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Strange find for DCUC toys


StevanM
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I dont think it has anything to do with being stupid or not having common sense... We get worked up because we are in this hobby... But if I was a minimum wage worker with no ties to toys... Why should I care?...

 

because your employer is depending on you. because you have integrity. because you are getting paid to do your best.

 

 

LOL... The world is not that perfect man...

 

the world has to be perfect for a worker to do the job expected? Yeesh. I hope your resume never lands on my desk.

 

So part of their job is to know every single toy in the store?... They actually let you manage people?... LOL... I am pretty high up on the corporate ladder so I doubt I will ever work under you... So no fear of my resume landing on your desk...

 

wow, so not what I said. Again, they can compare the toy in the clear package to the toy on the packaging. It's not brain surgery.

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I see you cut out the part of my quote that would have helped immensely with answering your question.

 

If the package has an actual picture of the product and what is clearly visible thru the clear plastic packing does not match, then I'd say the employee isn't do his or her job (unless it's policy to just take whatever). I mean, it takes all of 1 second to look at the figure in the packaging and look at the picture on the packaging.

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And the cop-out the swapper can use is on those very same packages:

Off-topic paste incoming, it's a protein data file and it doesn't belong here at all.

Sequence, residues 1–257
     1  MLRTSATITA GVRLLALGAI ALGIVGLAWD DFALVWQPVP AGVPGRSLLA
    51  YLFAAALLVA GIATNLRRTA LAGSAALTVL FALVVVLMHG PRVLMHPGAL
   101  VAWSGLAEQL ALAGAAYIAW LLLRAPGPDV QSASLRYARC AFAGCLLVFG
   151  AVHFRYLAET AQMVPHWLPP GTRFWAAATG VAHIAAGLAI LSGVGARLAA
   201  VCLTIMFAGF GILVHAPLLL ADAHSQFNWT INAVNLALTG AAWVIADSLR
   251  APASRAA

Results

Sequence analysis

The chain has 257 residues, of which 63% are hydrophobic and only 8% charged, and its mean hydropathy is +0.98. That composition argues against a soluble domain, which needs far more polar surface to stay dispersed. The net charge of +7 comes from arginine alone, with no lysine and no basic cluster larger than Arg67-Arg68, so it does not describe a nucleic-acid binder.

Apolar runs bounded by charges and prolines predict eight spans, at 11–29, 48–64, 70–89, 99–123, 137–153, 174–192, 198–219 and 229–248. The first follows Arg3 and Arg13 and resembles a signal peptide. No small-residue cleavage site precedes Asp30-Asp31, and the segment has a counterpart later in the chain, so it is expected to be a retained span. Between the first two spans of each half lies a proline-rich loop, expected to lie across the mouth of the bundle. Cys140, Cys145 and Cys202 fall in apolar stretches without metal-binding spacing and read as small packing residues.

" Contents may not be exactly as shown".

Really, what can the store do in that situation? A swapper can use his wife and kid to make the return for them...and most return counters would give that combo the benefit of the doubt.

 

Again, you'd be asking staff to be vigilant on products that are only 1% of 1% of the total numbers of products the store likely carries. That is asking them to keep track of a tiny fraction of all the possible items that can be returned, and yet the numbers of those items to be watched varies all the time.

The loss in dollar value is so little, probably less that $5000 a year, that its not worth the manpower to police, for the return they'd get.

 

Trust me, this is a lot harder to address than you might think....and it has been discussed here before.

 

Dude...

 

Comparing a Jakks doll to a Mattel doll is like comparing something night and day.

 

Also, while they may not be exactly the same as on the package, they are pretty damn close. The paint might be slightly off color or messed up. That's what they are talking about.

 

And again, I said don't bother prosecuting. Just kick them out of the store.

But we are not just talking a Mattel doll and a Jakks doll here.

We are talking about a couple dozen action figure lines sold at these retailers, and EACH line has 20 or so characters per wave, usually 2-4 waves per year and each store is stocking a couple dozen of each of these. And you would expect someone to keep track of all that in addition to thousands of other returnable items at the store?

That is why if the store sees that the package APPEARS intact, with the "contents" present, it doesn't much matter to them if the contents have been swapped, because in their eyes its still considered a saleable item.

That why so many swaps end up back on the shelves.

 

Kicking them out of the store doesn't solve the problem either. If they do not prosecute the perp, what is to keep same from doing the same crime at another store in the same area? Even then, prosecuting the perp for a item valued under $10.........is it really worth the hassle in most jurisdictions?

 

1) compare the toy in the clear package to the picture of the toy on the package. takes 2 seconds. not brain surgery.

 

2) kicking them out of the store EVERY TIME you catch them, solves the problem enough. it sure as hell will teach them to not even bother.

 

3) again, again, again, don't prosecute. catch them up front. give them back the toy. kick them out.

 

 

I really don't get why people don't understand what I'm saying. If you really think it's hard to compare a product to the picture on the box, then I don't know what to tell you. And again (cause I've said it a bunch of times now), don't prosecute. catch them, give them the toy back, kick them out.